Off O'Connell St. take Henry st a block to the Moore St. market. Pedestrian area. Open air market.

Visit the Guiness Brewery for a free sample which comes with your ticket and a good view of the city.

Visit the Viking Museum (near Christ Church Cathedral) where you see artifacts from archeological digs when doing urban renewal in Dublin and take a simulated ride on a viking ship.

Visit Trinity College and see the Book of Kells.

I have not done one, but the Pub Crawl Tours are often recommended in this forum.

Others will have other ideas that might suit your tastes better. Have fun!
irishface is offline  
Feb 6th, 2010, 09:19 AM
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Just a thought--if you really want to see England (i.e. London) I would advise flying right to London from Dublin on the day you arrive at Dublin. You would still have some of the day to explore. You could just see a drop in the bucket of what London has to offer in those few days, but you could get a taste.

Then fly back to Dublin for the rest of the time. Either get an early flight or late afternoon,early evening so that it doesn't kill the whole day.

I know you'll have lots of fun so just enjoy and I hope that some of my suggestions might help.
irishface is offline  
Feb 6th, 2010, 09:34 AM
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So it looks like you'll be flying both in and out of Dublin on. Yes, you could fly to London, spend two night there, and fly back to Dublin the evening before you fly home. You can get very cheap fares on Ryanair if you book ASAP. But should you? I would recommend not doing that. You will only have a partial day in Dublin on the 12th. It takes time to get from the airport to your hotel, check in, and get orientated to the city. If you leave on the 18th, you'll have only five full days (13-17) in Ireland.

Dublin will be jam-packed with visitors for St. Patrick's Day so I hope you succeed in finding a place to stay. Book your accommodations NOW!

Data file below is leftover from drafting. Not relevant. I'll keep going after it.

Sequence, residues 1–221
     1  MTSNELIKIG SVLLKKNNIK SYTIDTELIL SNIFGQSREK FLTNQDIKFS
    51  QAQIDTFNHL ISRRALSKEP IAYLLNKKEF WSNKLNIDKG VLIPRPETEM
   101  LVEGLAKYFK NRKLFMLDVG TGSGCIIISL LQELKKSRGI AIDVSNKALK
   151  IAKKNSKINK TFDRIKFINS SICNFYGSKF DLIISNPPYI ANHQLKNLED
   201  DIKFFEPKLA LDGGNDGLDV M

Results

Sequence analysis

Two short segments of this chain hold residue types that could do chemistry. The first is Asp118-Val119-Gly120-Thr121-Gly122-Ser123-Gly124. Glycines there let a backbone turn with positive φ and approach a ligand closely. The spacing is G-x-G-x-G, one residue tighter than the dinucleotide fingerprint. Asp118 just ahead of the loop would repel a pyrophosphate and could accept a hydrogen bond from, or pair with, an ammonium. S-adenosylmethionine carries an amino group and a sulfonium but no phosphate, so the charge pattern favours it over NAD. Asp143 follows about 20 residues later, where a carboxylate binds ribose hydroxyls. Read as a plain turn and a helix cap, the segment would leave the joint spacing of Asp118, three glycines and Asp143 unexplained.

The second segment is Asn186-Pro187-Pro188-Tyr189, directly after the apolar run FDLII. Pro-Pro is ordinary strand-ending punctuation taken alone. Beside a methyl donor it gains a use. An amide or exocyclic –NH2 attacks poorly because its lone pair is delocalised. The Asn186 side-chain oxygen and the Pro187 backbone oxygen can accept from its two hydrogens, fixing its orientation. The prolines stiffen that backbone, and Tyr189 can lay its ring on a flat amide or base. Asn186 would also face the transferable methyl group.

TimS is offline  
Feb 6th, 2010, 06:34 PM
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Thank you so much for you're suggestions! We will definitely take them into consideration =]
Simesse is offline  
Feb 7th, 2010, 03:33 AM
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If you were thinking about staying in a hostel, I highly recommend the Globetrotters Hostel. Because it shares a registration desk with the B&B next door, hostel guests get the same fabulous full Irish breakfast as the B&B guests. See here: http://www.globetrottersdublin.com.
TimS is offline  
Feb 7th, 2010, 09:35 AM
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I would check re: the car rental, because if you can rent a car there's no way I would go all the way to Ireland and spend it in Dublin. I confess I am not a fan of Dublin under most conditions. If you can rent a car, I'd make my way to somewhere along the south coast, or to the west coast and either rent a cottage and do day-trips (my recommendation) or make my way every couple of days using B&Bs. (If you do a search here you'll find lots of accommodation/sight-seeing/eating recommendations.) If you can't rent the car, irishface's itinerary using Dublin as a base is good. If you can't rent the car, I'd be tempted to split my time between Dublin and London, but if you can, save London for another trip.